For months, the Turkish government has been battling corruption allegations involving, among other things, money-laundering. Prime Minister Recep Tayyip Erdogan has cast the allegations as an attempted “judicial coup” – and blames foreign powers.
Turkey’s main pro-Kurdish Peace and Democracy Party, normally a critic of Erdogan, has been more reticent in criticizing the government. Earlier this month, BDP parliamentary deputy Sirri Sakik even played down the corruption allegations.
Sakik said he did not care very much about the corruption issue, adding “If the money is not stolen that way, it would be stolen in some other way.”
Observers said the reason the pro-Kurdish party was backing away from criticism of Erdogan was that the BDP was anxious to preserve ongoing peace efforts between the Turkish government and the Kurdish population.
The ruling AK Party has initiated a peace process to bring an end to the decades-long conflict between the Kurdistan Workers Party, or PKK, and the Turkish state.
Political scientist Nuray Mert of Istanbul University said the pro-Kurdish movement could pay a high price for its pragmatic approach.
“The picture that they give is like they are just focused on their own struggle, rather than considering the whole picture of Turkey. It makes the Kurdish political party quite irrelevant in the eyes of ordinary Turks. You are accepting this indecent proposal by this corrupt government in exchange of your rights and freedoms,” said Mert.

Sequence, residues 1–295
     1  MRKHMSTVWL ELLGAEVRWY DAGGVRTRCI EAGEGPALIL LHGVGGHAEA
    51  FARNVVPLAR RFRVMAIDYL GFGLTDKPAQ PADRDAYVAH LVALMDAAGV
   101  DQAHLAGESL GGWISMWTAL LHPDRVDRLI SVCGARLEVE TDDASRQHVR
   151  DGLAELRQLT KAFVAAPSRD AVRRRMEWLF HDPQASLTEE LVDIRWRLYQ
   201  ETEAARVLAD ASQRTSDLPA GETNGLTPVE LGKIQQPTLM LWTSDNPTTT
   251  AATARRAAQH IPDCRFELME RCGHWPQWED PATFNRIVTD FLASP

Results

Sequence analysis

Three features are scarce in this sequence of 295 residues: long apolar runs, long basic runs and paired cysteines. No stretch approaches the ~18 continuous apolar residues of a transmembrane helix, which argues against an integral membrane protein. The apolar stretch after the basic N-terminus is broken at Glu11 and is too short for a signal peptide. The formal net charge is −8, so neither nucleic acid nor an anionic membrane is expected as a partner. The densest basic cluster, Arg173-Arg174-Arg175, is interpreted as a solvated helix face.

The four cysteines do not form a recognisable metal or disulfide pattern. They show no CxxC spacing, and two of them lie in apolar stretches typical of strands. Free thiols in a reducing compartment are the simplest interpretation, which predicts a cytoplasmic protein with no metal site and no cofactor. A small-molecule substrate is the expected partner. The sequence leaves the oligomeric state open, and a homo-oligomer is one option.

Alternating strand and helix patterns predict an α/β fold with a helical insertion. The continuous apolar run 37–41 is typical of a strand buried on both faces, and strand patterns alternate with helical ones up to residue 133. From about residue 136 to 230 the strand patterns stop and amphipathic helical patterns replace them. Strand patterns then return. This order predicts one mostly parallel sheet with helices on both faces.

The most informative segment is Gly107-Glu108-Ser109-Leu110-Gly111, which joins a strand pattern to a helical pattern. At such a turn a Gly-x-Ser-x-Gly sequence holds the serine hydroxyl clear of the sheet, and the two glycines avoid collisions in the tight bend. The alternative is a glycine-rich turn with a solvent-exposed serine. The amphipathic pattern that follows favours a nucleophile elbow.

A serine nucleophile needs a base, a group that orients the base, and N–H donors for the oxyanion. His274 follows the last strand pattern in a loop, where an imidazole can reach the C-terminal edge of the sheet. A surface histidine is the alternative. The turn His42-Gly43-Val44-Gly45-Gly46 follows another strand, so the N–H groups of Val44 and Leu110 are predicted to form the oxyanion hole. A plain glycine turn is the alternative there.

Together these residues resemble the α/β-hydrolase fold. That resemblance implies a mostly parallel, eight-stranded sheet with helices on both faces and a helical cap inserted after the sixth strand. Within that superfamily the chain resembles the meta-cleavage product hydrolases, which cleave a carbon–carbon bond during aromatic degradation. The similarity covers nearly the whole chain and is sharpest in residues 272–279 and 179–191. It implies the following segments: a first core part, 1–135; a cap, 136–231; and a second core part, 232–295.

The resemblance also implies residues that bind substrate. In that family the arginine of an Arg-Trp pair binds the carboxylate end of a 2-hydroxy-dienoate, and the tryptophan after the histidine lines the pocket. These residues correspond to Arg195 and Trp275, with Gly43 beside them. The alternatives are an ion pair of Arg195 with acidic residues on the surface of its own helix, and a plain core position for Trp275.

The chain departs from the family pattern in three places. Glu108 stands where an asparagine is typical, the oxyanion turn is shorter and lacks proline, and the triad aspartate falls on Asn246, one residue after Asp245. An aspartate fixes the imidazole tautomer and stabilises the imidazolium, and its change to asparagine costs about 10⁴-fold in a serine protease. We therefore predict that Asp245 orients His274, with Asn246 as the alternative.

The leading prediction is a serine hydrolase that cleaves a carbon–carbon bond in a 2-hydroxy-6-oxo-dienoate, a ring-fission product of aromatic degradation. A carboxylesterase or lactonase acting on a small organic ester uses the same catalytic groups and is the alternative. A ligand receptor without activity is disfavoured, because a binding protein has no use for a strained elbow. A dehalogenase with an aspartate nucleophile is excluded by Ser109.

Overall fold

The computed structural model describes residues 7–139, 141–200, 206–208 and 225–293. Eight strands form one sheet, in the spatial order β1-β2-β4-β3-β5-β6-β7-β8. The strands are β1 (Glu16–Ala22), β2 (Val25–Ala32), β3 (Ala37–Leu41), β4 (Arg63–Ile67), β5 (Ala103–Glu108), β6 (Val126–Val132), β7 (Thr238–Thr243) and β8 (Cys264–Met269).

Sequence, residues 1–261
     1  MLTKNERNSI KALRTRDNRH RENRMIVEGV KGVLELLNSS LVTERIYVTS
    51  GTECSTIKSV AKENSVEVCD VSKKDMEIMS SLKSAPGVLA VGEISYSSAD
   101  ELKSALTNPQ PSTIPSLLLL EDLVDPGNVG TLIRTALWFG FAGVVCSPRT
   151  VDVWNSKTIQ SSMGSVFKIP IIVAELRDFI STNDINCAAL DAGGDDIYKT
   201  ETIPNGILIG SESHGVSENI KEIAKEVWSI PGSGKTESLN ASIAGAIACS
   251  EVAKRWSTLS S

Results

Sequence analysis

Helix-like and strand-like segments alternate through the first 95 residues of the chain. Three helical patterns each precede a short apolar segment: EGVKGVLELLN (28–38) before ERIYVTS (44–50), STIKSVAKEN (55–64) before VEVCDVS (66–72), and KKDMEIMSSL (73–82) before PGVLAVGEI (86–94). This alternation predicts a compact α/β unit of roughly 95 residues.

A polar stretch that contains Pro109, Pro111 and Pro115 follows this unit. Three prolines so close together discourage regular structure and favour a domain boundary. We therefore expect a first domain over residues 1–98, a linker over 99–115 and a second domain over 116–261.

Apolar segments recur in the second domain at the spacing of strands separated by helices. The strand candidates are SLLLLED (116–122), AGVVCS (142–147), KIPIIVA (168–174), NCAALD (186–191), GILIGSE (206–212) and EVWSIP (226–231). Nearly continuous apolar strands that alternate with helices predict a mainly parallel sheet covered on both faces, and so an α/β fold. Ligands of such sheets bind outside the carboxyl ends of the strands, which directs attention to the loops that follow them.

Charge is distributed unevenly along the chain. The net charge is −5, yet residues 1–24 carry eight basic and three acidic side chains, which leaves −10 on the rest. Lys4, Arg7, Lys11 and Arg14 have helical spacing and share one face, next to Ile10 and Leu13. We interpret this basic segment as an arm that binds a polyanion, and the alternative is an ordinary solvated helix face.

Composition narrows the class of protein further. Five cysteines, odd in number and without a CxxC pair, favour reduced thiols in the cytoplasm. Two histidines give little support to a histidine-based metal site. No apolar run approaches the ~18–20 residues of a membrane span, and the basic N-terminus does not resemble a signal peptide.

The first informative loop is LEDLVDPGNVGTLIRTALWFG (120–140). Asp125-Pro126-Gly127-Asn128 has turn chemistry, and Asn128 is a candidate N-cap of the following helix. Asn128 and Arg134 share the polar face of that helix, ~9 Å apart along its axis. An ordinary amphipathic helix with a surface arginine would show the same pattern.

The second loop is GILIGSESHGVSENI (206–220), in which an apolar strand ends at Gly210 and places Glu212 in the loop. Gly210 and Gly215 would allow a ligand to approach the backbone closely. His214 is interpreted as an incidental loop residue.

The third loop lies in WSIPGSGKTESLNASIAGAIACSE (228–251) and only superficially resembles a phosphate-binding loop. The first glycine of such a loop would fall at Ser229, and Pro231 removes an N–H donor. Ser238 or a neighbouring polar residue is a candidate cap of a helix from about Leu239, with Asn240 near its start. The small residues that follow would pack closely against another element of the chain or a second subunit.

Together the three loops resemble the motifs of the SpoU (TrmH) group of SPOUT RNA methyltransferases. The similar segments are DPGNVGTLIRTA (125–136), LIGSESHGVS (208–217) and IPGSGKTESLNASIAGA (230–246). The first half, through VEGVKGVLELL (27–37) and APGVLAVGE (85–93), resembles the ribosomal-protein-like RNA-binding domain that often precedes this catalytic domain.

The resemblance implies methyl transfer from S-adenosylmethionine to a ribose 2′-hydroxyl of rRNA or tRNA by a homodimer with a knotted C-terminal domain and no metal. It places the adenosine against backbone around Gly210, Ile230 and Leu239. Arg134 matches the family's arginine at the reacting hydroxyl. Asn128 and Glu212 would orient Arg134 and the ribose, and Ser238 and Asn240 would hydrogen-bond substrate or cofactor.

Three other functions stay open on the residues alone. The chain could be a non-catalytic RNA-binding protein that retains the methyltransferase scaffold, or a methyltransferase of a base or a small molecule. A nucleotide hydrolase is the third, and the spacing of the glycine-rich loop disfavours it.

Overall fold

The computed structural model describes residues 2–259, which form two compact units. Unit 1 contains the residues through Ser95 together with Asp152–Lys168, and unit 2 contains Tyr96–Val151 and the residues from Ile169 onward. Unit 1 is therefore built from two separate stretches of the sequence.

In January, the banned Group of Communities in Kurdistan, which is linked to the PKK, issued a statement supporting government claims that the corruption probes are part of an international conspiracy to overthrow the prime minister.
The statement blamed a conspiracy of London businesses, along with Jews, Greeks and Armenians.
The declaration drew heavy criticism including from leading members of the pro-Kurdish movement – a sign that there are limits to their belief in a conspiracy theory.
But there are even bigger problems that may compromise peace efforts.
Political scientist Mert said, with the government mired in crisis, she questioned whether it was even in a position to deliver on peace.
“This political government can stick to power for some time. But it’s lost domestic and international legitimacy, so has ceased to be an actor who can solve the Kurdish problem,” she said.
The government’s room to maneuver is likely to be further hampered when Turkey’s 18-month election campaign starts next month. Observers point out that many members of the ruling AK Party voters are Turkish nationalists who are skeptical of ongoing Kurdish peace efforts. This is likely to make it difficult for the prime minister to make major concessions to Turkey’s Kurdish minority in the near future.